Genetic studies in Parkinson's disease (PD) have led to the discovery of several causal and risk genes, whose mutations contribute to some forms of PD; among those described are mutations in LRRK2 and GBA1. Recent genetic studies have found that individuals with mutations in both GBA1 and LRRK2 exhibit PD symptoms much earlier than the average age at onset in individuals who carry LRRK2 or GBA1 mutation alone. Here, we plan to examine the mechanisms of GBA1-LRRK2 interaction using human dopaminergic neurons derived from individuals with PD generated using induced pluripotent stem cells ("man-made" stem cells that can become other cell types; iPSCs). This work aims to develop therapeutic strategies that target these converging pathogenic pathways in PD.
Recent genetic studies have found that individuals with mutations in both GBA1 and LRRK2 exhibit PD symptoms at an earlier age, suggesting a possible synergistic effect of the two variants in disease pathogenesis. We will explore the molecular nature of this clinical phenomena to identify converging therapeutic targets.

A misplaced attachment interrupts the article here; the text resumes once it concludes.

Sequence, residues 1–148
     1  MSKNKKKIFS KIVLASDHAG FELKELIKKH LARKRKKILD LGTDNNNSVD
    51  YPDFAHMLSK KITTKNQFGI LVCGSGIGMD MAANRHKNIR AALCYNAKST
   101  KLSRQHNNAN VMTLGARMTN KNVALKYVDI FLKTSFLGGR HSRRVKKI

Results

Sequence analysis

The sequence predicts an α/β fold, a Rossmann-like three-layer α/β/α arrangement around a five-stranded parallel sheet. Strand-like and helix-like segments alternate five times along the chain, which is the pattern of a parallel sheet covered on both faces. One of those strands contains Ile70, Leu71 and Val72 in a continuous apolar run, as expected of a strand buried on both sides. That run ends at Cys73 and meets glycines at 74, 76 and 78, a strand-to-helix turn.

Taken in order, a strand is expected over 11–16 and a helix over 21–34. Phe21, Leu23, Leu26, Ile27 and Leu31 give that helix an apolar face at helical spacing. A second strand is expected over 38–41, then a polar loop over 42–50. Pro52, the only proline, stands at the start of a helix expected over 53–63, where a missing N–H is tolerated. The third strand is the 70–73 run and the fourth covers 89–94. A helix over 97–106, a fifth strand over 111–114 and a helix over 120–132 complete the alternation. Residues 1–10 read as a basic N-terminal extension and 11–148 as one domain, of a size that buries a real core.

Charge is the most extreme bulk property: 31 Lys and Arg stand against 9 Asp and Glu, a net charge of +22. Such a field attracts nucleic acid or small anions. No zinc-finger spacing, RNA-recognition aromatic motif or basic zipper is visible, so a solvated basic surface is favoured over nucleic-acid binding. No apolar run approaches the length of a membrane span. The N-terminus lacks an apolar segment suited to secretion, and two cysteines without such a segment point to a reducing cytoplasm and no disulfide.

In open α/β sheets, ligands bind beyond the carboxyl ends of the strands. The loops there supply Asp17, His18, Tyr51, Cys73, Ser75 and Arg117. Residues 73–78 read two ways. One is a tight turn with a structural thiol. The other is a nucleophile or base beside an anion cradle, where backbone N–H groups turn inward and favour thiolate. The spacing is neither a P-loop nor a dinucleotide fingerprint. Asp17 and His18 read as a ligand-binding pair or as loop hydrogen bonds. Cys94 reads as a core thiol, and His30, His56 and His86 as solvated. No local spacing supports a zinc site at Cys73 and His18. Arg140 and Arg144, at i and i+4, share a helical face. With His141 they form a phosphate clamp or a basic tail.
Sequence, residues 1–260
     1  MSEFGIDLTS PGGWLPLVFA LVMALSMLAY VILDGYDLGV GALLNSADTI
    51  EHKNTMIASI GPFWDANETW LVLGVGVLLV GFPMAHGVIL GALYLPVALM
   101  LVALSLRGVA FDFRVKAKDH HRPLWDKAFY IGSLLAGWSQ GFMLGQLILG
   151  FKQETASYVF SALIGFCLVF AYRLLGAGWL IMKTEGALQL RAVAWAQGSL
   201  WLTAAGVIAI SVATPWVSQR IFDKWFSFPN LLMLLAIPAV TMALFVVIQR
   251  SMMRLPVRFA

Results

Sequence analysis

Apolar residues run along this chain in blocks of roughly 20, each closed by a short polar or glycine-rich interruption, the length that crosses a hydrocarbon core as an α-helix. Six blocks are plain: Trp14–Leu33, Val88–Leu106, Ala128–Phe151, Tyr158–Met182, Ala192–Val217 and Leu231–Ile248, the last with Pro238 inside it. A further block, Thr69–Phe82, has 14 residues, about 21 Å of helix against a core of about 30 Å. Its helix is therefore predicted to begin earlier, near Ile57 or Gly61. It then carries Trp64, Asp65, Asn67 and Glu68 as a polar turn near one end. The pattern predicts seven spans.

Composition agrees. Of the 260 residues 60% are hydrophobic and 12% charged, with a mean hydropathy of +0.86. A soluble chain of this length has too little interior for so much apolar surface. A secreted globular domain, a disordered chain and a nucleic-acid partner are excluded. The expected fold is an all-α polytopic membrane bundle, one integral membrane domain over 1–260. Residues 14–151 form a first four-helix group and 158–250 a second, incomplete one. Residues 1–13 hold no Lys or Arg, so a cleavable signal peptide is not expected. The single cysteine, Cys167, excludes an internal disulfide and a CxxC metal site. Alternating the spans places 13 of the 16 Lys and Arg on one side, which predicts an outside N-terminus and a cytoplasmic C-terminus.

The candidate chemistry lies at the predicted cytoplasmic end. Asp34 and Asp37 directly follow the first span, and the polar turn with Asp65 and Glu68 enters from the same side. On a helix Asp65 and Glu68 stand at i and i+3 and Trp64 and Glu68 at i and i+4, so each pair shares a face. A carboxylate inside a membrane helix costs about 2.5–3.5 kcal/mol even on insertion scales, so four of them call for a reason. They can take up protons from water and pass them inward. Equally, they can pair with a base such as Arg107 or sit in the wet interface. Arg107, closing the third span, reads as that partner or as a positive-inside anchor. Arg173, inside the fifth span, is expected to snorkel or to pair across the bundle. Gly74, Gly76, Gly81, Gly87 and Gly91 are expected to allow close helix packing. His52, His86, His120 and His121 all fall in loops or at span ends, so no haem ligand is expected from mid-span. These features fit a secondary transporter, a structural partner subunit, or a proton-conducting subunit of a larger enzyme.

We plan to use pre-clinical LRRK2 models and human dopaminergic neurons derived from iPSCs to study the effect of LRRK2 mutations or LRRK2 kinase inhibitors on glucocerebrosidase (an enzyme made by the GBA gene).
Impact on Diagnosis/Treatment of Parkinson's disease:
Using this approach, we may uncover nodes of convergence between LRRK2 and GBA1 that will allow for development of novel therapeutics for PD patients who carry these mutations.
Next Steps for Development:
An interaction between LRRK2 and GBA1 could provide insights into the therapeutic efficacy of LRRK2 kinase inhibitors in the GBA population and GBA-targeted therapies in LRRK2 carriers.